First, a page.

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Bone Grafts

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Introduction to Bone Grafts

I. Bone Grafts

Bone Grafting– is a surgical procedure that is performed to replace or add bone to a patient’s body. Four types of bone grafts include;

  1. Autografts (selfgrafts)– is when bone is harvested from the same individual. This is the most ideal bone graft material. It can be in several forms including block grafts which are solid pieces of bone and bone particles which is grounded up larger pieces of bone.  In dentistry, autografts are usually taken from the chin and ramus of the jaw. However, it can be taken from the iliac crest (hip) and ribs as well. One of the disadvantages to this type of graft is that another surgical site is required.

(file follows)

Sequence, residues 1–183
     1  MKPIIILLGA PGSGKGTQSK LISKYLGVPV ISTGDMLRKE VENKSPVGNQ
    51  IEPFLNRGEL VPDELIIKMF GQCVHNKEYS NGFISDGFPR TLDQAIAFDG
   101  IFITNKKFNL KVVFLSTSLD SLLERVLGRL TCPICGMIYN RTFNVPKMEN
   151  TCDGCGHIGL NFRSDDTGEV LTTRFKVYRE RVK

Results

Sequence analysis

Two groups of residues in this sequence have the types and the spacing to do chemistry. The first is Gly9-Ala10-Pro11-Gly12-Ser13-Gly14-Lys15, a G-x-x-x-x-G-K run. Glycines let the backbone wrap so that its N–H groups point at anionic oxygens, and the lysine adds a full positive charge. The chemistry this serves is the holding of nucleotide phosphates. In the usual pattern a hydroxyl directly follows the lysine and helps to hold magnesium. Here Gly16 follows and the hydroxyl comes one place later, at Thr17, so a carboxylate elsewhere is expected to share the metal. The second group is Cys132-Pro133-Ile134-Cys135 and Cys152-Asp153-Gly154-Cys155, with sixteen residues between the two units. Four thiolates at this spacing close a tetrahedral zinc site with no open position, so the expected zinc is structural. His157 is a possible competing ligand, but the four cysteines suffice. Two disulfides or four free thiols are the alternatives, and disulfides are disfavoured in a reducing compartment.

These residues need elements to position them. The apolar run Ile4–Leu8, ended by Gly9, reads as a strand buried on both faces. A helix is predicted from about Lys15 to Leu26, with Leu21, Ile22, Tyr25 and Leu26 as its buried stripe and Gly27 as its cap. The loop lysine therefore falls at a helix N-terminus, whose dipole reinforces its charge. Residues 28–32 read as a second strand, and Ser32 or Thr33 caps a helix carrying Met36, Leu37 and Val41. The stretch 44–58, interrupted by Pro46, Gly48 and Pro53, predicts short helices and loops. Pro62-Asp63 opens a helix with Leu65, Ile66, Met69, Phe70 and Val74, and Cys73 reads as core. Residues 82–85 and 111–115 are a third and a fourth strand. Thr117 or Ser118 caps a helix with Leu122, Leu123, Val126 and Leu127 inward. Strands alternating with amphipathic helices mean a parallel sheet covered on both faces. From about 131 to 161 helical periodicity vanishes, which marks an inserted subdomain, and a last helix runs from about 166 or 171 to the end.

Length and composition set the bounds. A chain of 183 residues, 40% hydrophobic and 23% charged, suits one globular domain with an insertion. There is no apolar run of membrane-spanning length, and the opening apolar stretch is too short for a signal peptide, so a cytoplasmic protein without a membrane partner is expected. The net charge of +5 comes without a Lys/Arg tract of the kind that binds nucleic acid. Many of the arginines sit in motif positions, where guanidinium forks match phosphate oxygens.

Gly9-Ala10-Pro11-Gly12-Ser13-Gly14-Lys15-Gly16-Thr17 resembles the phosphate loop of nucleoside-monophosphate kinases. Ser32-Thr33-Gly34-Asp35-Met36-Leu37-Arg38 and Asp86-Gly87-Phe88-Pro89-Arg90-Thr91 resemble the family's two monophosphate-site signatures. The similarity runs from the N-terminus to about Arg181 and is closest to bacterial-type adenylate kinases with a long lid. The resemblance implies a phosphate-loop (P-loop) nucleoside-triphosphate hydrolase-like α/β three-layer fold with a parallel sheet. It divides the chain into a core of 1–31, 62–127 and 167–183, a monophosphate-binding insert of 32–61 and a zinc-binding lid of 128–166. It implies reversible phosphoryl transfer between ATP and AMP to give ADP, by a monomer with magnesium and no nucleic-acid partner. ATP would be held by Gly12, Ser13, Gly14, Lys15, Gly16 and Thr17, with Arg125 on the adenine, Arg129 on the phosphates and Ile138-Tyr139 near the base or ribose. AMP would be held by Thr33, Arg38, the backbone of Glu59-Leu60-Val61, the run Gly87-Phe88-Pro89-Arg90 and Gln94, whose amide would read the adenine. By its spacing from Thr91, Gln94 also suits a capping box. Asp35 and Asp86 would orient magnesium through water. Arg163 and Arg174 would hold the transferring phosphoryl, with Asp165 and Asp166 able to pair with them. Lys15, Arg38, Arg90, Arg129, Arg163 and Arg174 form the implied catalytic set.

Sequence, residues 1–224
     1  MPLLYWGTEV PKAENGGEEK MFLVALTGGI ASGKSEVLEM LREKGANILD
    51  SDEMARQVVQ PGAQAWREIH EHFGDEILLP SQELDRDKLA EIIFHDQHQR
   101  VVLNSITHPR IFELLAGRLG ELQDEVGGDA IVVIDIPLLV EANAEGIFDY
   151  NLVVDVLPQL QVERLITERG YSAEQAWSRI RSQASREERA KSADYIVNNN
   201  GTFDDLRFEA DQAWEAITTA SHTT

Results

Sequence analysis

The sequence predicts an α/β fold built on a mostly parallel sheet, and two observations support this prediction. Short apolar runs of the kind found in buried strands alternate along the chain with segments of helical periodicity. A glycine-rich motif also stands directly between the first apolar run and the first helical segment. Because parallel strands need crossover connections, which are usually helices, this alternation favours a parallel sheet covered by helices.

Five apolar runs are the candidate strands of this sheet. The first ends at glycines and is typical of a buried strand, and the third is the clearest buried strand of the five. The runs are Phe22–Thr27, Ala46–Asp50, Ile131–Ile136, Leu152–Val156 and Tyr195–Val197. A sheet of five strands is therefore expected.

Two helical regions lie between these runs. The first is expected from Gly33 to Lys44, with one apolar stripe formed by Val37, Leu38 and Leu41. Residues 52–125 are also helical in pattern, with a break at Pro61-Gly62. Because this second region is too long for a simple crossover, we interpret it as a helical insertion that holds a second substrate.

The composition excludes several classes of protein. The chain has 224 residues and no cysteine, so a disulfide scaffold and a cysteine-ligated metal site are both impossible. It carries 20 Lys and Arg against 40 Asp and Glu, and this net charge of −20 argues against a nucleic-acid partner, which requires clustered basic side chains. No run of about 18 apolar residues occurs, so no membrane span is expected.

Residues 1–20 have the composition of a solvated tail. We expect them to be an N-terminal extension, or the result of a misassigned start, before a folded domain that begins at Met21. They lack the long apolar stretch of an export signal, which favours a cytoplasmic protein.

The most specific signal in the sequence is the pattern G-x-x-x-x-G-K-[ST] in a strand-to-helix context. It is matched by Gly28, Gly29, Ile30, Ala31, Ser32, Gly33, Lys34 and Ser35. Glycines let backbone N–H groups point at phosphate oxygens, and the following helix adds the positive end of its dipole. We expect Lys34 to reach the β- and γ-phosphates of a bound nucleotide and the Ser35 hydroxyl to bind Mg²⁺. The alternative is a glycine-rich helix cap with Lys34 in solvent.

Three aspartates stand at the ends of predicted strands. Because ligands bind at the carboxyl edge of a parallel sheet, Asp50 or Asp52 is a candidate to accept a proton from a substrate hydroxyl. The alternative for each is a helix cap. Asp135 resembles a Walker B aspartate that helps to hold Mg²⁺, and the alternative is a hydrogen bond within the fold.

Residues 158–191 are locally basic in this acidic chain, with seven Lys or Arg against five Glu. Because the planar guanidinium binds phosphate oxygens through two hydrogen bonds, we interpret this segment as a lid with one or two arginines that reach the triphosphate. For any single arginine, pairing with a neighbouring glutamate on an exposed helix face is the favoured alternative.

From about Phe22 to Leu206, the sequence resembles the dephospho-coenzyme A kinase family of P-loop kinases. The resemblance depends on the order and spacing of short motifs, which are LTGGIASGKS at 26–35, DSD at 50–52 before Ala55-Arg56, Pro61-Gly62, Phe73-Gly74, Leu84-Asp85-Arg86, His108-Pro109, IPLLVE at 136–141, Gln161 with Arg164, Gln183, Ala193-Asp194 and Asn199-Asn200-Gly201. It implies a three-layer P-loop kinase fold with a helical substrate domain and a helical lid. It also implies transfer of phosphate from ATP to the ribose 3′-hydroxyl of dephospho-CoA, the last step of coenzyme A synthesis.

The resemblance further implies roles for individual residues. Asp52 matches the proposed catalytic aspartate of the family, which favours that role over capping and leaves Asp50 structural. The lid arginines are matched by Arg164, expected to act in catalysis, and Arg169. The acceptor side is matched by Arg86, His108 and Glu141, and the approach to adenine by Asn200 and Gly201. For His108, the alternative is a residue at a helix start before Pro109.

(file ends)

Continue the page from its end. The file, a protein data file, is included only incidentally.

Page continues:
2. Allografts– is when bone is taken from another individual of the same species. Donors are screened and the samples are go through rigorous testing.  The samples are then irradiated and freeze-dried.  One of the advantages to this procedure is that there is not an additional surgical site to harvest bone.
  3. Xenografts – this is when bone is taken from one species and grafted to another species (ie. bone from a cow and placed in a human). This type of bone grafting is rarely used in dentistry.
  4. Synthetic grafts– are created from ceramics such as calcium phosphates, bioglass and calcium sulphates. These are good to fill in a bony void but have limited uses in dentistry.

The uses of bone grafts in dentistry is usually associated with dental implant placement and to restore an area where a tooth once was.

Photo of a dental bone grafting procedure

bone-grafting

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